Three men have been arrested for the murder of Red Scorpion gang leader Jonathan Bacon in the summer of 2011 at the entrance of the Delta Grand Hotel.
Charged with first degree murder are Jujhar Singh Khun-Khun, 25, of Surrey, Michael Kerry Hunter Jones, 25, of Gibsons, and Jason Thompson McBride, 37, of North Vancouver.
They are also allegedly responsible for the attempted murders of Hells Angel Larry Amero, Independent Soldier James Riach, and two young women, Leah Hadden-Watts and Lyndsey Black, who were all in a white Porsche Cayenne with Bacon on the afternoon of Sunday, Aug. 14, 2011 when it was shot at by the masked gunmen.
“This violent incident rocked the city of Kelowna in an act so brazen that it might have been mistaken for a bad action movie,” said RCMP Combined Forces Special Enforcement Unit Chief Superintendent Dan Malo in a press conference held in the Lower Mainland at 1 p.m. today.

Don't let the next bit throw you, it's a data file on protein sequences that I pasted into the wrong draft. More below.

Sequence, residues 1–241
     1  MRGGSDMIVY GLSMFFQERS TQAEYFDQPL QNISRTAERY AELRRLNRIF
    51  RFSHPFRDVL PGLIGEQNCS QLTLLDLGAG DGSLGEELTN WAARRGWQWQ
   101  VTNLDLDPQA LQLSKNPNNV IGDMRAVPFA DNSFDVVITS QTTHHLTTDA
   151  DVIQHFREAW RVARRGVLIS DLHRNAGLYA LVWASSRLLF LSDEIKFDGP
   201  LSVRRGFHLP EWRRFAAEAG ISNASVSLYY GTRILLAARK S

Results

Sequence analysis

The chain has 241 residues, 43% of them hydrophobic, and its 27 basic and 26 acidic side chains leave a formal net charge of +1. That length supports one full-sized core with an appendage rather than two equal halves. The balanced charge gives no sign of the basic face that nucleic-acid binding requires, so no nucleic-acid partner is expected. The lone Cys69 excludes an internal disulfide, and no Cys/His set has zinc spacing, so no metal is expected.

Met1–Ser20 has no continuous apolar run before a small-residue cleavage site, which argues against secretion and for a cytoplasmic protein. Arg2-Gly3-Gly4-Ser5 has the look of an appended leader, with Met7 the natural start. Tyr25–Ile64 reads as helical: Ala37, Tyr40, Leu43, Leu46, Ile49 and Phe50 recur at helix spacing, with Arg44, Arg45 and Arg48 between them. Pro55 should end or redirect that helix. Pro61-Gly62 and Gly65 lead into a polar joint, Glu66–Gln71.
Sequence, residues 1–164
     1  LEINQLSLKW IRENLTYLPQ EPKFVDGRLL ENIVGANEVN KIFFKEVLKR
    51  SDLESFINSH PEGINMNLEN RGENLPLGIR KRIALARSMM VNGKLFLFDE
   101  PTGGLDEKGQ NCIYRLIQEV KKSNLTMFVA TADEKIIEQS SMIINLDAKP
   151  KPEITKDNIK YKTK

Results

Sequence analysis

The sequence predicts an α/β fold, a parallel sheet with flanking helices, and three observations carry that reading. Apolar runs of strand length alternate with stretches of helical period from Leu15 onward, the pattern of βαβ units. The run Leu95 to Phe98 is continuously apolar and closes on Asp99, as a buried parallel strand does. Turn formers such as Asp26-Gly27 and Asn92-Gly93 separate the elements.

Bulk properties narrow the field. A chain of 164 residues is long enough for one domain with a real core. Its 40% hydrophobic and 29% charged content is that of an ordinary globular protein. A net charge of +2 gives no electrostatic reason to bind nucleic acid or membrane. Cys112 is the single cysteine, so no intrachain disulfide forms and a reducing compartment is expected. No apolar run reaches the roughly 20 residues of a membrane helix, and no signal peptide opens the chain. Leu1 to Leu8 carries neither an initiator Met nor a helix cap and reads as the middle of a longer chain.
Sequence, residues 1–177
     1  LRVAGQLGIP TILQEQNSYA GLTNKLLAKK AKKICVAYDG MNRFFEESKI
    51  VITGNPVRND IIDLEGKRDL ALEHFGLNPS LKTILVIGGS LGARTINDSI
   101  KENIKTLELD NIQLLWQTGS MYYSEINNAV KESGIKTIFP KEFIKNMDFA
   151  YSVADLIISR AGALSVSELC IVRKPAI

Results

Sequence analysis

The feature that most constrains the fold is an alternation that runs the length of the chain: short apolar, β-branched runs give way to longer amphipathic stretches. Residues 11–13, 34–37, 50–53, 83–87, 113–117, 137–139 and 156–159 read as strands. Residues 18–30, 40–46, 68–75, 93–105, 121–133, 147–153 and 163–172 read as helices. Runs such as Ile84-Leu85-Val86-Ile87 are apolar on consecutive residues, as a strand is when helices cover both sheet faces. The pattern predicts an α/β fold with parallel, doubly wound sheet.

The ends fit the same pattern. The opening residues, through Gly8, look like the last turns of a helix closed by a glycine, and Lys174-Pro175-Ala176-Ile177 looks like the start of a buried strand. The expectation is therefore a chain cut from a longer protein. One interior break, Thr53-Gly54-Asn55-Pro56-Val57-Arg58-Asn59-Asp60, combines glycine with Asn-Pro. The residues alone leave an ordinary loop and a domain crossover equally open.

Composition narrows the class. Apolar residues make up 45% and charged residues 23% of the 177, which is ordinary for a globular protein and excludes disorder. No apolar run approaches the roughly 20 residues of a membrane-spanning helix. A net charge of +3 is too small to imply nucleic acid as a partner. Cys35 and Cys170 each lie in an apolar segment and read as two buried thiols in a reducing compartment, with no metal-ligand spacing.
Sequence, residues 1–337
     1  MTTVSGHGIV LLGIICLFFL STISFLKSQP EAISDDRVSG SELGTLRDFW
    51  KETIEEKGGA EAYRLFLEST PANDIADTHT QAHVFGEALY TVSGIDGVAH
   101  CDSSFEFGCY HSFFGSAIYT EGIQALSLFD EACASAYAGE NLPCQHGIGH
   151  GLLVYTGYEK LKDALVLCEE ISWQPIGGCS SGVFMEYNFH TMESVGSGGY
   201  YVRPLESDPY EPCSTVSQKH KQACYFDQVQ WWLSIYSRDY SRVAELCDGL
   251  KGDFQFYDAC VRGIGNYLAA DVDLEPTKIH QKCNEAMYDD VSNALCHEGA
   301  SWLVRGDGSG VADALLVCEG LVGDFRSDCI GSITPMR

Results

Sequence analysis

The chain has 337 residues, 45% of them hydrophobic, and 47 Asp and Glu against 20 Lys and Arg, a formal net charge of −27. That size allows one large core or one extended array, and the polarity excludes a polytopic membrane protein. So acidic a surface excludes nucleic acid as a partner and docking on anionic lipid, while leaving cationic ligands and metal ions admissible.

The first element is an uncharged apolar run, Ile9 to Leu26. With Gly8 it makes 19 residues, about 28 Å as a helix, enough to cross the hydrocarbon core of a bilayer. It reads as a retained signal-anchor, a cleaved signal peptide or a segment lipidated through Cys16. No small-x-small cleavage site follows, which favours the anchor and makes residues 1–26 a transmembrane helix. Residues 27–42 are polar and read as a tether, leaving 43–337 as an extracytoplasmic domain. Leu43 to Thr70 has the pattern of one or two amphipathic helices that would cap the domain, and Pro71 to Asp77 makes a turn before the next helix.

The shooting sent shock-waves through Kelowna’s downtown core as stray bullets hit the Kelowna Art Gallery, The Color Room hair salon and the hotel itself; and it was immediately made a top priority for the RCMP.
Art Gallery staff were roundly praised for their presence of mind under fire on the day of the event, moving a room full of children and parents gathered for its Family Sunday programming to a safe location further back in the building as a bullet pierced the gallery’s front window where the families were gathered doing activities.
A year later, on the anniversary of the shooting, the RCMP could not calm the fears of those caught up in the shooting as investigators told media they were working on the case, but had nothing to report.
The arrests were made 18 months after the event and require 100 officers from across the country to complete. Malo said that up to 80 investigators were working the case at any given time, at times around the clock, to bring the trio to justice.
All three were connected to notorious gangster Gurmit Dhak, who was killed in the Lower Mainland in 2010, and the shooting was said to be in retaliation for his death. More to come.